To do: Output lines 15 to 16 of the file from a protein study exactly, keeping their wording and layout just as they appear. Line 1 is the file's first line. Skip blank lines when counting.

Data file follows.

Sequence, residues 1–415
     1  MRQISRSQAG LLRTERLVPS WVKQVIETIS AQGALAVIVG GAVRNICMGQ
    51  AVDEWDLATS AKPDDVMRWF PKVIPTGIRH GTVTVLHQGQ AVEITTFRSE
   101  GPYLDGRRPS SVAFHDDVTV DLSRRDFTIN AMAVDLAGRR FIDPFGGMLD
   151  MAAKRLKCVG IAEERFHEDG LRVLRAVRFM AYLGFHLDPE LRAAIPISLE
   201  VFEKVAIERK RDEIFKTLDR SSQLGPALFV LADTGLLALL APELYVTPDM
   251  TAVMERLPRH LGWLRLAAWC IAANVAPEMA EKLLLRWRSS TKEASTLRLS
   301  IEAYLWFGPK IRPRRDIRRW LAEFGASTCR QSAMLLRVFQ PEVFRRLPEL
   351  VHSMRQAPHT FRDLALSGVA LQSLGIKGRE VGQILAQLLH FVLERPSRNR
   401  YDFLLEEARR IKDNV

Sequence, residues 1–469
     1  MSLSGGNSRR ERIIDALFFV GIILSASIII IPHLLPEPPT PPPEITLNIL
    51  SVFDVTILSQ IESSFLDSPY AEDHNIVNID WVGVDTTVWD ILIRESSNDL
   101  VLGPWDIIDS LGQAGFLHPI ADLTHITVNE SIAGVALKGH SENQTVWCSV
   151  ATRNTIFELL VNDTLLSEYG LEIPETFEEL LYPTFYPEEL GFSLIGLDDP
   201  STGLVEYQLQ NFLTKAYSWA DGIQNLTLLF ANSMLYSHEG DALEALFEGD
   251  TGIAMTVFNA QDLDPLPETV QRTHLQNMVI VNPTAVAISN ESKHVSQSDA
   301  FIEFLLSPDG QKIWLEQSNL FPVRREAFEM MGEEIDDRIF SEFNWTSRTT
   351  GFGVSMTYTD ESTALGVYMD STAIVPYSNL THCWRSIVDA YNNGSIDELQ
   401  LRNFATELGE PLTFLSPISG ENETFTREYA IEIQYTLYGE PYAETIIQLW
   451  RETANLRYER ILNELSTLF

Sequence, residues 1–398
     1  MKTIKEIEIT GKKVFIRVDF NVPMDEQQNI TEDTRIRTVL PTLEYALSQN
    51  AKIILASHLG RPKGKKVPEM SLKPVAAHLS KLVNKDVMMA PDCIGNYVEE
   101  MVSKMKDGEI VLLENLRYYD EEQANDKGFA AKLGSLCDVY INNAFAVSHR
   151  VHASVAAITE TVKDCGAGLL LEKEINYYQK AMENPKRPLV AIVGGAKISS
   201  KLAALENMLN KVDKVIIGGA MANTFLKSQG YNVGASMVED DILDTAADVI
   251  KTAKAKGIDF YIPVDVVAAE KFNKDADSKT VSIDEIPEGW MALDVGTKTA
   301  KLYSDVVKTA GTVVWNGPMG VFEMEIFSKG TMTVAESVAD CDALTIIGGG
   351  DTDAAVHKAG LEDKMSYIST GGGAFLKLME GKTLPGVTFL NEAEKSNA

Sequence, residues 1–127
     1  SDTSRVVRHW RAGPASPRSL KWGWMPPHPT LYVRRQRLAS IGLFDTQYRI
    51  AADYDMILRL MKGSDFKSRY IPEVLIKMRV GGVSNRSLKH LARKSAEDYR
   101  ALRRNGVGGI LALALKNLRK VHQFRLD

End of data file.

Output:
   151  ATRNTIFELL VNDTLLSEYG LEIPETFEEL LYPTFYPEEL GFSLIGLDDP
   201  STGLVEYQLQ NFLTKAYSWA DGIQNLTLLF ANSMLYSHEG DALEALFEGD